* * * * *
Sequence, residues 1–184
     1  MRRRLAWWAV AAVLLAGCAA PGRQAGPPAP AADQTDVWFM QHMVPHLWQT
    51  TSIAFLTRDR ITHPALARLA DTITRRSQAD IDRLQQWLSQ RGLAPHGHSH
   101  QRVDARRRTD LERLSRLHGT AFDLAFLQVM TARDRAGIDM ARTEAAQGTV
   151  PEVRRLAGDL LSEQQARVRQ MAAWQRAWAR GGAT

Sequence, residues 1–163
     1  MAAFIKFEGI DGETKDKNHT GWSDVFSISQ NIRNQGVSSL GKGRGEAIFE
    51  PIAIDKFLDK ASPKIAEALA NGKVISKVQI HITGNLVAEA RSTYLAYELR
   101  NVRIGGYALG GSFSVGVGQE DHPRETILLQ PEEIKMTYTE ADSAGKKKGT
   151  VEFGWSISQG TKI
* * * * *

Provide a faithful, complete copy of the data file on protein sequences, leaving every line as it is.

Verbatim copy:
Sequence, residues 1–184
     1  MRRRLAWWAV AAVLLAGCAA PGRQAGPPAP AADQTDVWFM QHMVPHLWQT
    51  TSIAFLTRDR ITHPALARLA DTITRRSQAD IDRLQQWLSQ RGLAPHGHSH
   101  QRVDARRRTD LERLSRLHGT AFDLAFLQVM TARDRAGIDM ARTEAAQGTV
   151  PEVRRLAGDL LSEQQARVRQ MAAWQRAWAR GGAT

Sequence, residues 1–163
     1  MAAFIKFEGI DGETKDKNHT GWSDVFSISQ NIRNQGVSSL GKGRGEAIFE
    51  PIAIDKFLDK ASPKIAEALA NGKVISKVQI HITGNLVAEA RSTYLAYELR
   101  NVRIGGYALG GSFSVGVGQE DHPRETILLQ PEEIKMTYTE ADSAGKKKGT
   151  VEFGWSISQG TKI